With the unpredictable British summer it’s important to make the most out of your hot tub when you can but that doesn’t have to mean costly overhead costs. The team here at Pump Sales Direct have put together a few energy saving tips to help you relax that little bit more.

    energy-saving tips for your hot tub with circulating pumps 1. Buy a multi-mode tub

    Make sure your tub has economy, sleep and standard modes of operating. Sleep mode generally heats the water to a few degrees below the temperature you’ve set, and only does so during filter cycles when the pump is running. When you want to use the tub, you only have to bring up to your preferred temperature - not heat the water from scratch.

    Standard usually maintains whatever temperature you have pre-set. Economy heats the water right up to the temperature you’ve set, but only during filter cycles.


    2. Investigate energy-efficient circulating pumps

    If you have an older pump, you’d be well advised to invest in a new one. Circulating pumps have become much more efficient, and pump efficiency is the key determinant of how much energy your hot tub uses.


    3. Two pumps may be better than one

    There are two pumping jobs in hot tubs. One task is moving the water through the system. The second task is pumping the water through the jets. However, some systems use a low-energy pump to keep the water circulating and another pump for the water jets. Since the water jets are only turned on when needed, a lot of the time the lower-wattage pump is the only one in use. However, this is initially a more expensive option, and some more sophisticated pumps can combine these options.


    4. Make sure you can adjust the duration of the filter cycle

    This can make a lot of difference to how much energy your tub uses. Good models will allow you to set any number between one and eight or ten hours.


    5. Put it in the right place

    Site the tub where it isn’t subject to strong winds constantly cooling the water and where you can possibly put an insulation layer below it to conserve heat and keep the base of the tub off the colder ground. If wind is a problem and it will be difficult to re-position the tub, you need to erect a windbreak such as a hedge or fencing panels. This will also make getting out of the tub a more pleasant experience.


    6. Use the sun

    Solar panels on your tub’s cover can store energy even when it’s not sunny; they use the daylight. If your tub is outside, this is an ideal energy store.


    7. It may be cheaper to leave your tub on

    If you are using your tub frequently, it may be cheaper to leave it on than to allow it to cool completely and then heat the water up again.


    8. Check the lid

    Make sure that the lid fits correctly and doesn’t have any damage from wear and tear. The more snugly it fits, the less heat will escape.


    9. Easy on the bubbles

    Bubbles are great fun, but of course producing them involves pumping air into the tub. As soon as you do this, the water temperature starts to fall so the heating has to kick in. So if you want to economise, run the bubbles program less often.


    10. It’s going to cost more to use on a cold day

    It's obvious really, but the greater the difference between the ambient temperature (the air) and the temperature of the water in the tub, the more rapidly the heat will escape into the surrounding air, and the more heating up will have to take place to maintain the water temperature.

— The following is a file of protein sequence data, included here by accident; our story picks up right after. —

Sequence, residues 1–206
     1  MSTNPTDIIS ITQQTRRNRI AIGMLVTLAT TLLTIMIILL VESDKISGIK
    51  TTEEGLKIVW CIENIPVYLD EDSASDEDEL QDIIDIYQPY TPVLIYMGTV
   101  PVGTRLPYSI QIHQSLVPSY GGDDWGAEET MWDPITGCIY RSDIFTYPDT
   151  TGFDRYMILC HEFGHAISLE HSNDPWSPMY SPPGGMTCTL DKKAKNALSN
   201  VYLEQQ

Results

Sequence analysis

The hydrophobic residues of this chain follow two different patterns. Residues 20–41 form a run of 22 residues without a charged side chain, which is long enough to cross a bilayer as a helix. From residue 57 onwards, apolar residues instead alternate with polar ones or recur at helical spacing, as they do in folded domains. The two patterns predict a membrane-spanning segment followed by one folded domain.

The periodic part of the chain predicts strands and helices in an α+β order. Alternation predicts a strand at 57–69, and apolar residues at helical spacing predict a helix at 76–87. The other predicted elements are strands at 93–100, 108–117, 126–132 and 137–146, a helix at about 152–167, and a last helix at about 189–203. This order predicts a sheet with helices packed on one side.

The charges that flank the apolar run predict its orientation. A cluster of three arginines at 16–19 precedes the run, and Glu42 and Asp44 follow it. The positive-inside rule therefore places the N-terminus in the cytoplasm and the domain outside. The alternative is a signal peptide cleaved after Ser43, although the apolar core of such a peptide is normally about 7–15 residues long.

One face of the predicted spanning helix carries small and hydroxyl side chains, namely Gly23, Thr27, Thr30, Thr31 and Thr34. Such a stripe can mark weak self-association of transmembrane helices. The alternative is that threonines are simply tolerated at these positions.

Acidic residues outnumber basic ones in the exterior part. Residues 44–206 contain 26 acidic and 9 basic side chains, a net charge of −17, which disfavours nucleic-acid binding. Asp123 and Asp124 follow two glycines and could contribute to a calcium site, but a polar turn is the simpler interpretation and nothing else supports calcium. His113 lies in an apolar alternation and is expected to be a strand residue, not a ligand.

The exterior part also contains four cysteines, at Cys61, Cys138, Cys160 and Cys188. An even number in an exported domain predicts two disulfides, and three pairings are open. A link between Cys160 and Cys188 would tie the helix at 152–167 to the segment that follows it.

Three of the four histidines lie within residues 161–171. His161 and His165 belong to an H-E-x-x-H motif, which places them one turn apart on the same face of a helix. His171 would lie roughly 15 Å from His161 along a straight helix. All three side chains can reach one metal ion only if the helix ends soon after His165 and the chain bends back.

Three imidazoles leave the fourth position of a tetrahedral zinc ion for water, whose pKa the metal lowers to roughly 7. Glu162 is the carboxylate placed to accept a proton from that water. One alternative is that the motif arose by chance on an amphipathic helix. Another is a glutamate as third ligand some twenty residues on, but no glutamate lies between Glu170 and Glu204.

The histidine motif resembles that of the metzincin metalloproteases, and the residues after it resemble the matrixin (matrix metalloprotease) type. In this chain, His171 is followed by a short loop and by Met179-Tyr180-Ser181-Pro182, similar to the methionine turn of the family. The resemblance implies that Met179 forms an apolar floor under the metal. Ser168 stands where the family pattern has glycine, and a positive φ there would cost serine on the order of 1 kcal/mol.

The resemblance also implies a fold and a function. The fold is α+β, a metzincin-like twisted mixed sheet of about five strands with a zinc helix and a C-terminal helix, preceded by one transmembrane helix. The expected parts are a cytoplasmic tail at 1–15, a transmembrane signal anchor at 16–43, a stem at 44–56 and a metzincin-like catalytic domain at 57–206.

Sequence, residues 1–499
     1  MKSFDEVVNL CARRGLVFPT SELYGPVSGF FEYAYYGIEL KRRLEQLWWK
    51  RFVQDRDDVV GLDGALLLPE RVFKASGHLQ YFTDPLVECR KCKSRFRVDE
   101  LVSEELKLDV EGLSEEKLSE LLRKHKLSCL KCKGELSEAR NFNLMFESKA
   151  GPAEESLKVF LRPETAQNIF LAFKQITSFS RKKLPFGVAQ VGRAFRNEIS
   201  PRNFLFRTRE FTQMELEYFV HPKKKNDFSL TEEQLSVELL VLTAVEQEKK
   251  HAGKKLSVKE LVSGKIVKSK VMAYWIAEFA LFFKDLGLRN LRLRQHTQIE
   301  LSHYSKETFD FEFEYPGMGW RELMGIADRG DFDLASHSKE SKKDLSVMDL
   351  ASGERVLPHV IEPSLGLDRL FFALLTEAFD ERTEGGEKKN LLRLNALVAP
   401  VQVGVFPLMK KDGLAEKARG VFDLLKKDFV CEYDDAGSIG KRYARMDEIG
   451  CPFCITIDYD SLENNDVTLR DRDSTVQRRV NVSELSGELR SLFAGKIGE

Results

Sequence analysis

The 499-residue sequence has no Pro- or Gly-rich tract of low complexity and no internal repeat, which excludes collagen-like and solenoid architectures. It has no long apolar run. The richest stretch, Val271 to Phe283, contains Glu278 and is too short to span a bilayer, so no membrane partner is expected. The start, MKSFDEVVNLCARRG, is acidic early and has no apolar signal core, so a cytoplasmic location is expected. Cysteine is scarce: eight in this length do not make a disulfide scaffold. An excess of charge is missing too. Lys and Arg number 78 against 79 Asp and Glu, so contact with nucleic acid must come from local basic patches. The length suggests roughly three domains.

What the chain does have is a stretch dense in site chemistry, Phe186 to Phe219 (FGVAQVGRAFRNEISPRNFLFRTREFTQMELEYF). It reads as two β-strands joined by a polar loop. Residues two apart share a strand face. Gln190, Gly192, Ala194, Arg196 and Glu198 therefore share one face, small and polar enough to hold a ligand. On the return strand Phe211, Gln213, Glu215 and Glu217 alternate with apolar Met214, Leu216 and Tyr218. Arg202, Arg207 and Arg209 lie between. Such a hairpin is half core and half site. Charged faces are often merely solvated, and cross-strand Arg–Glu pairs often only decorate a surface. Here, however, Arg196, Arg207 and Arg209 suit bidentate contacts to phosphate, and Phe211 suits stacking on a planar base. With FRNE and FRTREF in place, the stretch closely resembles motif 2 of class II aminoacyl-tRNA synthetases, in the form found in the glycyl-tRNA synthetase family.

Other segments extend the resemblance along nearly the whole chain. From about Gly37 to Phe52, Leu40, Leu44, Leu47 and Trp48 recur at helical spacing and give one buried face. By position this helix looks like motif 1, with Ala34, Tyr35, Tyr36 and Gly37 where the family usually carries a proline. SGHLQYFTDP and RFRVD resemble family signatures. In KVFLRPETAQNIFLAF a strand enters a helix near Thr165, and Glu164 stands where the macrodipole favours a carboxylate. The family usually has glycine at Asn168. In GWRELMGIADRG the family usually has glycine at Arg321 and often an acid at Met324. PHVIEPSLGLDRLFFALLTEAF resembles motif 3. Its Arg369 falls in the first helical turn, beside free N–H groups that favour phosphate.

Find out more about installing a tub then sit back and relax!

  • Is it possible to be water independent?

    Whether they begrudge paying regular amounts to the water company, they hate to see a free resource going to waste or they want to make their lives a little greener, many people like the idea of becoming independent of the mains water supply. With it being Water Quality Month we thought we’d take a look at how practical is it to do this and if can you really make significant savings.

    Is it possible to be water independent with waste water pumps?

    The basics

    There are a few simple ways that you can start reducing the amount of water you use. Modern toilet flushes, for example, use less water each time, thus cutting your consumption. You can also look at getting a water butt to collect the water which runs off your roof and use it to water the garden.

    Although rainwater can’t be used for drinking, if you can collect enough of it, it can be used for tasks like flushing the toilet, thus cutting the amount of clean mains water you use. It is possible to get filtration or chemical treatment systems that can clean up rain water and make it drinkable. However, you’re getting into pretty serious territory here, and it might actually be cheaper to buy your drinking water in bottles.


    Out of town

    If you live in the countryside, you might be lucky enough to have access to a well or a spring from which you can source your water. You need to consider carefully what will be required in terms of pipes, pumps and so on to bring the water into your home. This also requires consideration of what will happen in the winter months. Do the pipes need to be protected so they don’t freeze, for example? And of course, you also need to think about how you’re going to dispose of waste water.


    Disposing with waste water pump

    Disposing of the wastewater is in many ways a more difficult task than exploiting free alternative sources of water. Again, if you’re in the countryside, you may be independent of the main sewer system thanks to something like a septic tank.

    You may still need to have a waste water pump in order to remove water from where it’s not needed, especially if gravity won’t do the job for you. Note that for waste water you need a specific type of pump that is able to cope with contaminant particles without getting clogged up.

    Of course, if you want to be truly eco-friendly, you might want to consider whether you can power the pump using solar- or wind-generated energy.


    It's not easy being green

    There’s a lot to consider if you’re thinking about becoming independent of the mains water supply. Yes, there are advantages in terms of freedom, ongoing costs and being kinder to the environment. On the other hand, you need to think carefully about the practicalities of going ‘off-grid’, as well as the costs and complexities of setting up your own water systems. Going completely independent is a big undertaking, but there’s a lot you can do to start reducing your dependence on mains water, and much of it is relatively straightforward.
    Find out more about waste water pumps and start your journey to being water independent.